Michael Wilbon: Thanks...My job, I've always thought, was to make you think about a view that may not have been your own when you picked up the sports section. Hell, agreeing is totally overrated. Where would Tony and I be if we agreed all the time? Would Siskel and Ebert ever have taken flight if agreement was all they could come to? Having said that, I agree with you about both Favre and McNabb. I thought the Redskins were in trouble the moment the Vikings named Leslie Frazier head coach and he named, without a moment of hesitation, Brett Favre as his QB. Doom for the Redskins at that moment. And by the way, before anybody can bring it up, it was a block in the back. Don't want to hear about the officials or what should have been let go. I was sitting in the Soldier Field press box watching the game with writers and scouts from other NFL teams and 10 people shouted "it's coming back" before we could see a flag thrown on TV. It was that obvious on television that the play was coming back...I think this is it for Favre and I think McNabb can have another really good year or two...but only if the receivers and runners are upgraded next season.


Losing Hope....: Oh Michael, I know you're not from Detroit...but I'm sure you feel our pain. Is there any hope at all for my Lions? I was so happy for 3 quarters on Thanksgiving as I sat in the stands at Ford Field thinking THIS could be the game.

Michael Wilbon: I'm not from Detroit, but as a son of the Midwest I do feel Detroit's pain...And I think a lot of your ability to avoid more pain next year depends on your quarterback's health. Matt Stafford's ability to stay healthy seems to be a big deal to me and big part of whether the Lions, who have been very competitive 70 percent of this season, can take another step toward contention...


Ohio State v. Boise State: If Boise State is such a cupcake football team, then why doesn't Ohio State sign up for a 1-1 home-away series over the next two years? Put your money where your mouth is . . .

Michael Wilbon: They won't. The cartel's teams don't want to play these teams because they'll lose to 'em. Forget Boise State. What won't they play Nevada, or TCU or any of them. Florida never leaves home. It's a joke what college football scheduling has become. So it's an even bigger joke that this is all left to a vote.


Big Ten representative to the Rose Bowl: Do you think Wisconsin should be rewarded in the polls for running up the score in their games? For those chatters not from the midwest, three teams tied for the Big-Ten championship and the highest ranked BCS team goes to the Rose Bowl.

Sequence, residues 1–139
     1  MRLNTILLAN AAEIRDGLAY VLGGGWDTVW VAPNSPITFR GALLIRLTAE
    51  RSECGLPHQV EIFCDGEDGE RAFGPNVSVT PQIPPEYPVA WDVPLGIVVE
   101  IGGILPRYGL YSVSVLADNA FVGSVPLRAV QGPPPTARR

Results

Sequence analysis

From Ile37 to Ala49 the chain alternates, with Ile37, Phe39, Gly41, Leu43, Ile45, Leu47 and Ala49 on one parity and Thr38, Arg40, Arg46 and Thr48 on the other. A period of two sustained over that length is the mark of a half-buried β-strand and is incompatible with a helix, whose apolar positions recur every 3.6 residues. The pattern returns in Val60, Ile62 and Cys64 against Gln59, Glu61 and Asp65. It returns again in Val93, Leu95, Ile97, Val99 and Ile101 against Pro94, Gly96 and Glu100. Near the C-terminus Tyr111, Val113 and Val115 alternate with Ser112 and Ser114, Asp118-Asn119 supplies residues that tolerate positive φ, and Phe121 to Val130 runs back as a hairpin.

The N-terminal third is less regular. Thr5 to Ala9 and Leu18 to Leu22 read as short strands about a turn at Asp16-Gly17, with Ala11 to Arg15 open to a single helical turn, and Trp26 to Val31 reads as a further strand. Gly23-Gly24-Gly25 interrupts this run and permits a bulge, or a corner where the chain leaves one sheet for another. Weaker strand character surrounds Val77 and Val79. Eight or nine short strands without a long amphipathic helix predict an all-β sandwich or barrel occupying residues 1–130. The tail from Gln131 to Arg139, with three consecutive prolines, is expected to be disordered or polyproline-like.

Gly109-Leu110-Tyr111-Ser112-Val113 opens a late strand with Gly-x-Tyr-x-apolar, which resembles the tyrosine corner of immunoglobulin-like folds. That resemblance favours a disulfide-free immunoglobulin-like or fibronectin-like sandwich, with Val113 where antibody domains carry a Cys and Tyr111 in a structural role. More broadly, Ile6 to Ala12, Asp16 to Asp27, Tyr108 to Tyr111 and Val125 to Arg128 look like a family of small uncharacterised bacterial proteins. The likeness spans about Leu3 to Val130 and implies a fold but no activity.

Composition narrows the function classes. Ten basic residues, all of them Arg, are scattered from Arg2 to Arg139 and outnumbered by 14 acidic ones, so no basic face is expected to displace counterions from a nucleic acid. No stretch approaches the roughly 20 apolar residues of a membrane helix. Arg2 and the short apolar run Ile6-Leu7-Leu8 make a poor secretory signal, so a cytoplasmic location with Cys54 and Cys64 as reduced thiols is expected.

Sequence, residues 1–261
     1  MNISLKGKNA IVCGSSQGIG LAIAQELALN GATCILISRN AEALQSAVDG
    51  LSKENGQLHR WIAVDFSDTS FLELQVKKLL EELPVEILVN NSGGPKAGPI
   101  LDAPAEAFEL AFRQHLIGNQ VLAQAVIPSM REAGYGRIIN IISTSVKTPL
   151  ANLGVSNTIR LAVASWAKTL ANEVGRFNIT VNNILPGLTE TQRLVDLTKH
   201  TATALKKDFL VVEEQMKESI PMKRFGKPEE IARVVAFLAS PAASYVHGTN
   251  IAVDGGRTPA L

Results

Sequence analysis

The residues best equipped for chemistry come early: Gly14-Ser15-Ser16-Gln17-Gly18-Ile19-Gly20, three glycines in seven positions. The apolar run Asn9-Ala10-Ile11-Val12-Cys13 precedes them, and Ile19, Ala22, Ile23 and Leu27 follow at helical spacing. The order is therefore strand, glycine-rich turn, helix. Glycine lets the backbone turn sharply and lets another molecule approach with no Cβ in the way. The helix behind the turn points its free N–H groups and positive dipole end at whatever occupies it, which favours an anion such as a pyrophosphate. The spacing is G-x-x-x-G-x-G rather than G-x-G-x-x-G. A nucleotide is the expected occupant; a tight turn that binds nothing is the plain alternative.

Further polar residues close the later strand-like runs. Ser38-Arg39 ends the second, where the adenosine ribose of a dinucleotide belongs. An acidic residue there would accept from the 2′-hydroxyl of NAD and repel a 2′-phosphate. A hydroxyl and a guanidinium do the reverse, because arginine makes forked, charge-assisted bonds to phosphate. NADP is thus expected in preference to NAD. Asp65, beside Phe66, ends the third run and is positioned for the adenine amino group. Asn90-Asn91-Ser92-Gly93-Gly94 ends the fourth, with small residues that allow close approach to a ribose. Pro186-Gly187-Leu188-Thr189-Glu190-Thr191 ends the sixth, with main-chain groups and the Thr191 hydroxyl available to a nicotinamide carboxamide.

Michael Wilbon: Yeah...I'd vote Wisconsin higher than Ohio State or Michigan State, too. They did run up the score several times this season (which I have zero problem with) but they're also, in my opinion, the best of the three.


Rockville, Md.: How about Bobby Cremins' College of Charleston Cougars. They played a great game against NC yesterday. After seeing them play the Terps and the Heels I think Bobby's got a team to watch this year!

Michael Wilbon: Bobby told Torn K and me a month ago that he really liked his team this year...He had this little smile that suggested he REALLY liked his team...and now we know why. It's too early for me to get involved in college basketball; I don't climb aboard that bus until after the Super Bowl...okay, I'll peek during the Christmas Holidays. But November? Sorry, too much other stuff going on which occupies my attention.


Washington, D.C.: I can't believe you are leaving the post. I was sad when TK left, and I am sad now.

I'm 28 and owe my love of reading to the two of you. Period. End of story.

Thank you for all the great years!

Michael Wilbon: That's about the kindest thing that can be said to any writer. I appreciate that more than you can know...The people who are in their late 20s who come up and say that to me, who got interested in reading and/or writing and went to journalism school or became journalists in part because our writing introduced them to something or touched them or influenced them in some way...that gives me pause every single time...because the people who influenced me to become a journalist were people I read, columnists i read growing up...And I got to meet most of them, become friends with several...So I know exactly how that feels. And trust me, you'll have plenty more such influences...Still, thank you.


Capitol Hill: Is there a qualitative difference between the Wizards and Clippers? Free agents get hurt or underperform, high draft picks get hurt or underperform, and coaches come and go with no appreciable impact in the standings.